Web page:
Monday, April 23, 2012

If TV is a reflection of ourselves, then who the h*ll are we?!

So now there is another show on HBO, Girls, apparently quite good, based in New York City, that is guessed it: Young White Women (YWW).  Rebecca Carroll of the Daily Beast bemoans the lack of diversity…again:
"Another reason people move to New York City is to hang out with people from all over the world—people of every different racial and ethnic background imaginable. Not that you’d know it from watching HBO’s new comedy series Girls—or Sex and the City, or Friends, or Seinfeld, among other New York City-based shows. In these settings, you rarely see a black person in the periphery, let alone as a main character.
Just for the fun of it, I decided to count the number of black faces in the first episode. I counted three random black extras—a black man walking down the sidewalk behind Hannah and Marni in an early scene; a black man and a black woman in the crowd outside the hotel in the last scene. I see more black people than that in the five minutes it takes me to walk to the subway from my apartment in Brooklyn."
Now, from what I understand since I don't have HBO, these are twenty-somethings, just trying to make it in NYC and they don't look like the standard hot-chick-with-it-all-together types of character.  They're just "normal". Apparently, the writing is "fresh" and "original" and "realistic". I just want to say I'm tired of being left out of "fresh" and "original" and "realistic". My frustration is not really aimed at this particular show per se, but that yet again, we have a show that doesn't really represent the actual diversity of the most diverse city on the planet!  [An aside: I remember my brother wouldn't watch the really good movie, Minority Report, because he just couldn't get past the notion that a movie set in not-too-distant-future Washington, DC could only have one black character in it. For those that may not be aware, currently blacks make up the majority of the population in Washington; DC's well known nickname is Chocolate City. "In the future are there no blacks still living in Washington, DC?" he asked]  I get that somebody that looks like me cannot be in the show The Tudors or my favorite Game of Thrones. But a show in New York City?!! In fairness, though, this show only portends to portray a slice of what life's like for these young women. I understand that every show can't tackle every issue.  The creator has a right to create/define her reality.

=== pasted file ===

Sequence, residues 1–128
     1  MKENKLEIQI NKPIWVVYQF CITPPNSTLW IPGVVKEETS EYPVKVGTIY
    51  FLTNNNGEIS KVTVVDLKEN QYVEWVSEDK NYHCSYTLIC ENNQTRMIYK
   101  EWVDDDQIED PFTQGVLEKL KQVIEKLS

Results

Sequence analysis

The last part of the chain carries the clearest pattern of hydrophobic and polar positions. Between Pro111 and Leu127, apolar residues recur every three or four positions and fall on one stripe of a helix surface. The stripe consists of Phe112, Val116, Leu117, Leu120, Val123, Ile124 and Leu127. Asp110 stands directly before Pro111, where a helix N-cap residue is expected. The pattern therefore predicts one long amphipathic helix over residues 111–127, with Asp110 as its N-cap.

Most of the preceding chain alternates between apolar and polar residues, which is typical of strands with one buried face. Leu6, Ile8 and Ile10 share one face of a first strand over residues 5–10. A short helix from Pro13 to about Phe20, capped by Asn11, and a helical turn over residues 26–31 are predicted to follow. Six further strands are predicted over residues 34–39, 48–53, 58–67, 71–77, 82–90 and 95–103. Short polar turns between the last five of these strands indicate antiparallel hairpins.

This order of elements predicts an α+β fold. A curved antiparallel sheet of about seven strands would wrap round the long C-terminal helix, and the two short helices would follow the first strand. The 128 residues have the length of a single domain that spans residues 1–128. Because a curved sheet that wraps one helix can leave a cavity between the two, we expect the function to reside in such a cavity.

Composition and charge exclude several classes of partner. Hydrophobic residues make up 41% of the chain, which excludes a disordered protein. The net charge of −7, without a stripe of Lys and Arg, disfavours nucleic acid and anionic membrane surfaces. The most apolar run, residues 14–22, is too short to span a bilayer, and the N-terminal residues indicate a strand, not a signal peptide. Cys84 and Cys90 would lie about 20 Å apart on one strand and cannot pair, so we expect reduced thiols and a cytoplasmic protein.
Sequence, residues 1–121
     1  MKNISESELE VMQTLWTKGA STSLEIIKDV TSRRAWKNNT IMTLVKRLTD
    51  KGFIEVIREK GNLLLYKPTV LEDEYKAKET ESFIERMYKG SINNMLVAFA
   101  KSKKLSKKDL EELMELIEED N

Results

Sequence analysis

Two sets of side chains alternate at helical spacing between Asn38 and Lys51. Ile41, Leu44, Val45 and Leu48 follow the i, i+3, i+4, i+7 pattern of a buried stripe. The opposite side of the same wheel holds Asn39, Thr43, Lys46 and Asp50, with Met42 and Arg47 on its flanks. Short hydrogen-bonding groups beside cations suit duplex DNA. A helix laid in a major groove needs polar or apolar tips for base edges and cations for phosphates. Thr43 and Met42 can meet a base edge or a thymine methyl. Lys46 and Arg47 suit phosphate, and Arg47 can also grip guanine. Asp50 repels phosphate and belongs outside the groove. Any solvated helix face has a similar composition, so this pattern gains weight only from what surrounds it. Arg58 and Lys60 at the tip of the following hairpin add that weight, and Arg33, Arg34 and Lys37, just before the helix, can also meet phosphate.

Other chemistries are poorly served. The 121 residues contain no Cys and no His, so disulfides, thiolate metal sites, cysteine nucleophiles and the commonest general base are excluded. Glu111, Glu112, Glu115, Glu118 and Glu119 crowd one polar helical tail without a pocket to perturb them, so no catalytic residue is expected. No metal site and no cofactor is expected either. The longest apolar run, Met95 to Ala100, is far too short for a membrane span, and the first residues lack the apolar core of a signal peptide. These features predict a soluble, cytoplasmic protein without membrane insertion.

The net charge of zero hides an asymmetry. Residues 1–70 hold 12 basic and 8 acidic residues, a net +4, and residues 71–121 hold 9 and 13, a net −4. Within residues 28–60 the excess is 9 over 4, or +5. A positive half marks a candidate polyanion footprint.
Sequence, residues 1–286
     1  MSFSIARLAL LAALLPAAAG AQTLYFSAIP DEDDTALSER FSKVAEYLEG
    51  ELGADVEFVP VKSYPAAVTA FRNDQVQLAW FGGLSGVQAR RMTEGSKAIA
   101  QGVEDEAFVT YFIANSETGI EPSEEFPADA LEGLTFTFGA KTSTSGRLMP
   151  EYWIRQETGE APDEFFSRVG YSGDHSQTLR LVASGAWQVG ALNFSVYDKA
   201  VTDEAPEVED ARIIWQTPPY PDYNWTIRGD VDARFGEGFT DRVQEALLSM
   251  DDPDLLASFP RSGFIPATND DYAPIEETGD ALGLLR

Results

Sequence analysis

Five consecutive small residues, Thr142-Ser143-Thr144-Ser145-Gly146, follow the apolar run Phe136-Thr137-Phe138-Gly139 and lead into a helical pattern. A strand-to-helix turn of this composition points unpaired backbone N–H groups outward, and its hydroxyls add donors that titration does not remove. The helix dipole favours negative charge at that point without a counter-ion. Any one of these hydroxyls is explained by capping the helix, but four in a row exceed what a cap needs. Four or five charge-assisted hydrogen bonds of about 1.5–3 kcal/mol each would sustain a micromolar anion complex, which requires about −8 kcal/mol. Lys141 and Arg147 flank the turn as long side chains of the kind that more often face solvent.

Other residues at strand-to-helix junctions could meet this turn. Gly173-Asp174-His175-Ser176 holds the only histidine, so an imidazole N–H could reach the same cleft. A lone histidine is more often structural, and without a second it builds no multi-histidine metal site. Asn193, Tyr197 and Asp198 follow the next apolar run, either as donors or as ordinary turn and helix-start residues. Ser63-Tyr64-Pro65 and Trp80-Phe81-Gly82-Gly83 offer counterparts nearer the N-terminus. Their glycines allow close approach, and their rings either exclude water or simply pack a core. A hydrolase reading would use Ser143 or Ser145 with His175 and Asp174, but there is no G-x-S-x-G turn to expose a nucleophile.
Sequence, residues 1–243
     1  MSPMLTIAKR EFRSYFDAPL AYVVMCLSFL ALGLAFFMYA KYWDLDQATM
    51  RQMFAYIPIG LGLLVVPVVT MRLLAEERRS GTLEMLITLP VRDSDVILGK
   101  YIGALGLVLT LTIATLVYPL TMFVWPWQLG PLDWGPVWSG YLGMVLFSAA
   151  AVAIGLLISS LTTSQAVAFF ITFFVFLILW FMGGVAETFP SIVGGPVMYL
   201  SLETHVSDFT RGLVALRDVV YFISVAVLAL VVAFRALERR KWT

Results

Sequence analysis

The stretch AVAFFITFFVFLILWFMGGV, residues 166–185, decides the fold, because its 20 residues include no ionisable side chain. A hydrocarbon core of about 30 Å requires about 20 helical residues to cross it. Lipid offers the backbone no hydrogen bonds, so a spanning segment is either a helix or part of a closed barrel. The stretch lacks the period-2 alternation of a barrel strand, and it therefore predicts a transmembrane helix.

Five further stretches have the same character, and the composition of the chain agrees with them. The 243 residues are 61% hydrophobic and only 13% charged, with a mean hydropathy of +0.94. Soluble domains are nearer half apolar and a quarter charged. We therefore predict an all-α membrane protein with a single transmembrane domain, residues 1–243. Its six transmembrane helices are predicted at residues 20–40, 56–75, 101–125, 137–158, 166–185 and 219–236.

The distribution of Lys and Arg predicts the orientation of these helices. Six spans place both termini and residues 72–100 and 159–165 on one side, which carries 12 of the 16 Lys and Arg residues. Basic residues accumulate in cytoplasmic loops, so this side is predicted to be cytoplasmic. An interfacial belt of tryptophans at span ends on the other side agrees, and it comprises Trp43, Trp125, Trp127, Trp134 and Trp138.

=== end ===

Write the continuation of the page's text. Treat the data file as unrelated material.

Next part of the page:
You know, it would be different if there were a plethora of dramatic shows about regular people who just happened to not be white. [See Awkward Girl on youtube] 

It's about balance. It's even in the kids shows.  My little Pony has every caucasian stereo-typical voice: western cowgirl, ditzy blond, etc... No one else. Scooby Doo was, in it's own way, trying to be diverse by having different types of caucasians (arguably stereotypical) in it: blond handsome guy, slightly ditzy pretty girl, brainy short, glasses-wearing girl, we-all-know-he's-a-pot-head tall thin guy with the munchies, and of course, the really diverse part -- a talking dog.  Most, if not all, of the guests were white; heck, even the ghosts were white (though I believe ghosts are supposed to be white), and the only black people on the show were the Harlem Globetrotters.  If you didn't know better, you would think that the cartoon universe only consisted of white people and the rest of the planet's demographic population was minuscule in comparison.  But….OMG, I loved this show!  I memorized the theme song and can still sing it to this day.  I watch it with my children with absolute glee.

However, Scooby Doo is a 70s cartoon show.  You would think that 40 years later, in the adult TV world, that there would be more balance.  I don't have to watch "Girls".  It's probably great. I just don't want to watch it.  And I don't want manufactured diversity either.  Dang it, I just want to see shows where there are people who look like me or sound like me or do at least some of the things I do, in a reasonable proportion.  Not all the time, just enough so I don't have to go searching for it…like I do now.  I don't want to see the token black friend,  token zany indian man, token fast talking latina, or token brainy asian.  TV, many times, is aspirational, and if so, TV is telling us we all want to be thin, long haired white women that are "edgy" and "smart", whatever those terms mean. If TV is a reflection of ourselves, then who the hell are we?!  

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